- Definition: Business law consists of the state/federal rights and laws related to create, run, manage, close and sell one’s business. Businesses in Utah must obey federal, state and local laws in order to legally create and run their business.
- Business License: The purpose of a business having a license is to inform the government that the business will be making a profit from customers and that the business gets properly taxed. The license is also to inform the government that the type of business management and owners have the proper training in the field of business they are in. Obtaining a business license is simple: apply to the government to obtain one.
- Failure to obtain or practice without a business license can result in having to pay a fine, be suspended from practicing one’s business or face criminal charges. One or many of these may happen to one’s business if they are found practicing without a license – this a violation of Utah business law.
- Antitrust laws protect a business from unfair competition. These laws are established by the government in the open market. The reason for antitrust laws is to benefit the customer welfare.There are activities included in business laws:
- Market Allocation has certain boundaries set to stay in and avoid. For example, two similar businesses might agree to stay away from each other’s boundaries in order to keep the competition fair.
- Price Fixing: Two companies might have very similar products, excluding the price. In order to keep the competition fair, these two companies may agree on a fixed price for their product.
- Deceptive Trade Practice (violations Utah business law):
- Acts such as falsely advertising goods or services with the intent to mislead or manipulate customers are illegal in Utah (see Utah Code 13- 11a-3). This means that the act of manipulation or theft in a business setting that affects commerce is illegal.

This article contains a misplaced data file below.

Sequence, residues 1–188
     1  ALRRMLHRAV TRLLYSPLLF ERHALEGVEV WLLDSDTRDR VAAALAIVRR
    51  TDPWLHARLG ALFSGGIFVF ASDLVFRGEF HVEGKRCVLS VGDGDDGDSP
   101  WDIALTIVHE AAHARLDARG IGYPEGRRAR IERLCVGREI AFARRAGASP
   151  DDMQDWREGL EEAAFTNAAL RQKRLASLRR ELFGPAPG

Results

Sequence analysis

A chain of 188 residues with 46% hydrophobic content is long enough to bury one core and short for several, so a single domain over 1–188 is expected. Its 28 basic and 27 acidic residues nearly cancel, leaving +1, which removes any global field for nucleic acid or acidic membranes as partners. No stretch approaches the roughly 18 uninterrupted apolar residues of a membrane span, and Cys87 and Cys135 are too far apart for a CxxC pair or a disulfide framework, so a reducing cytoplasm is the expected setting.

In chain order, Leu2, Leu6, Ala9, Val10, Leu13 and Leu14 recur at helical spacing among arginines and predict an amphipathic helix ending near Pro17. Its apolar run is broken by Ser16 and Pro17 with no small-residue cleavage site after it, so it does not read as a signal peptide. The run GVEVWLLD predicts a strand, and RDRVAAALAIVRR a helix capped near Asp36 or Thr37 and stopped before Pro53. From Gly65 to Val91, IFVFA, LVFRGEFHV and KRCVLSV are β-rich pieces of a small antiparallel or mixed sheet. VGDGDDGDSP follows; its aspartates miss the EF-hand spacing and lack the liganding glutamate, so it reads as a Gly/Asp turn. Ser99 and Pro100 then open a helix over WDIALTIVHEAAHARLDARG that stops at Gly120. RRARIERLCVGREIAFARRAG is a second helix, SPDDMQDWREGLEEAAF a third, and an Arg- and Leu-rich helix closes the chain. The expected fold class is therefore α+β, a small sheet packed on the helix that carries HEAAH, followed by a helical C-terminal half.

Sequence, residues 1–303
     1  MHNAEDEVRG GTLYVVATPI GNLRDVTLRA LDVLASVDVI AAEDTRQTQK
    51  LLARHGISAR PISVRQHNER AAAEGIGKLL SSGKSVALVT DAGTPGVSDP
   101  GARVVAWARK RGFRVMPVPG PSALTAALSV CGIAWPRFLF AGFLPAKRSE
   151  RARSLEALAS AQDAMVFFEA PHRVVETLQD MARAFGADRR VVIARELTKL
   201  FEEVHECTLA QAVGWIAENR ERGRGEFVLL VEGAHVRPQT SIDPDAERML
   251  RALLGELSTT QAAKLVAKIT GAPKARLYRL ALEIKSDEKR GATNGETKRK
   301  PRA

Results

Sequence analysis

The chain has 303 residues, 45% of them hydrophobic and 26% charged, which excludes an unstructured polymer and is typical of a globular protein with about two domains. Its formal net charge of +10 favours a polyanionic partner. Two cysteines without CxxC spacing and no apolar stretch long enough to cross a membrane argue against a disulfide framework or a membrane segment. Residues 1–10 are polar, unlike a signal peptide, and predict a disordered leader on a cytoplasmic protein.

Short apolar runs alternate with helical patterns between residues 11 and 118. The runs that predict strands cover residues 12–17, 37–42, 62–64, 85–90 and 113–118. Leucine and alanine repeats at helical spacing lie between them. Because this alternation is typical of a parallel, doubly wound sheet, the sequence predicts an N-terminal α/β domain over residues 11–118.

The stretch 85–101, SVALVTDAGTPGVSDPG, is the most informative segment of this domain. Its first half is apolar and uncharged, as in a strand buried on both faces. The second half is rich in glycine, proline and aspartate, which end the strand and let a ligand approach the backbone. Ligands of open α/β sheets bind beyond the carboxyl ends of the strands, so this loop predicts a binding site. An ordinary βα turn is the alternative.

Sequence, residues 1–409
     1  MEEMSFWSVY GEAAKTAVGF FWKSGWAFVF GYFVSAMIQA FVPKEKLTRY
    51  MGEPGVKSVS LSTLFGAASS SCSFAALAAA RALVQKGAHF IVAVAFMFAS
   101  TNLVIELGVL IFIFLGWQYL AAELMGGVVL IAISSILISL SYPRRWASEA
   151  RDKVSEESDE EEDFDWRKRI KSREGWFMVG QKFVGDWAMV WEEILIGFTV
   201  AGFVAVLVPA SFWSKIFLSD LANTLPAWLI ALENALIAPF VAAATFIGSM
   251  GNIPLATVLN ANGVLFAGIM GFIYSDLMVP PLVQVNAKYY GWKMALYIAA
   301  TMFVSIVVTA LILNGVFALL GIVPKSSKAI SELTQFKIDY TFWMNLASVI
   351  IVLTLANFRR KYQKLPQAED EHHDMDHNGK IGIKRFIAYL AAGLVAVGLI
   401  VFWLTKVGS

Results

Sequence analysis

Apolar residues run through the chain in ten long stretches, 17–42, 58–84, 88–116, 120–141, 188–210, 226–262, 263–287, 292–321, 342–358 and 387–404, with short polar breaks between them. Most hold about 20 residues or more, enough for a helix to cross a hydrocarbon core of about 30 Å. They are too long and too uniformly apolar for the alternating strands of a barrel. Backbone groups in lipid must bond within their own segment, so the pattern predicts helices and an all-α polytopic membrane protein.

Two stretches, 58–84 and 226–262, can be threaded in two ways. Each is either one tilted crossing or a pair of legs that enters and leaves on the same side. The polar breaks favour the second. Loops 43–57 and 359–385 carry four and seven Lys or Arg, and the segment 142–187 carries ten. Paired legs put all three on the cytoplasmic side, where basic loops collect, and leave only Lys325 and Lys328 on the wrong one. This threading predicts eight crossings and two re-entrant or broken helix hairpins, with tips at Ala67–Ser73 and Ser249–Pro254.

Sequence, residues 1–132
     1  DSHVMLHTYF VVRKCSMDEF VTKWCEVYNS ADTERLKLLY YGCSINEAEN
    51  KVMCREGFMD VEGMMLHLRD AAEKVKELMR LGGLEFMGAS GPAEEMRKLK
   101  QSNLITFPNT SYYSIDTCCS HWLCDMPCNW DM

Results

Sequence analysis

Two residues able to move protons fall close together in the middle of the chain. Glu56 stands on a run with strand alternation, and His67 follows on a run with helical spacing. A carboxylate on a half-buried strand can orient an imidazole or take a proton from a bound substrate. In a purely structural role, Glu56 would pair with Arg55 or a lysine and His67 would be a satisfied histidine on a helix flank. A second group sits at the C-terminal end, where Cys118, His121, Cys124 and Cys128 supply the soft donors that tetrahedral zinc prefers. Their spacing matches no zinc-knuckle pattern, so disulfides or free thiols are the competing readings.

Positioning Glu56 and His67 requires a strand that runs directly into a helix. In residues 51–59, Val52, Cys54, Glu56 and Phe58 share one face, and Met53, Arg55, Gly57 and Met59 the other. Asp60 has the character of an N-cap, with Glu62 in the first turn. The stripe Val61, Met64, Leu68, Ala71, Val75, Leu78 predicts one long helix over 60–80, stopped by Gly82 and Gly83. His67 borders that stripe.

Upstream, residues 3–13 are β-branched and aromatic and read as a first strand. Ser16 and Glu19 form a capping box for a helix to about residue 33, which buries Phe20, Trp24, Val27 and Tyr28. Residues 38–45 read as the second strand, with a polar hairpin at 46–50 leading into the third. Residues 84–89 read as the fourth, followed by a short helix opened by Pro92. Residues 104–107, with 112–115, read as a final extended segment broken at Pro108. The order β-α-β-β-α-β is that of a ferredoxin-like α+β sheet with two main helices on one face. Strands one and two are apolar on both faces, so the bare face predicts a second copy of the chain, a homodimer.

- For example, a business misleading customers into buying a false or phony product they advertise. “False advertising and odometer tampering are two of the most blatant examples of commercial fraud” (Findlaw, Details on State Deceptive Trade Practices).
- Starting a Business in Utah: If a person or group is going to start a business in Utah, they must register with the Utah Department of Commerce (DBA). Most businesses also must be licensed to practice their business in the county their business is in. Businesses must register with the state so other business can refer to their information held so they know who they are doing business with. Businesses must be licensed to practice their business in the county because of regulations that county has. For example, a business cannot sell drones in a county that has banned them.
- Securities Fraud: A Security is someone’s investment in stocks, bonds, promissory notes, limited partnership interests, LLC interests, oil and gas partnerships (UDC, Division of Securities). Protecting one’s security is difficult, especially when someone is trying to handle it themselves. An “Investment Contract” is any transaction where the money will be returned for profit. This can also be considered part of one’s Security (UUSA, 61-1-13)
1. Not having a current business license while practicing (violations Utah business law)
2. Deceptive Trade Practice (violations Utah business law)
3. Securities fraud (violations Utah business law)
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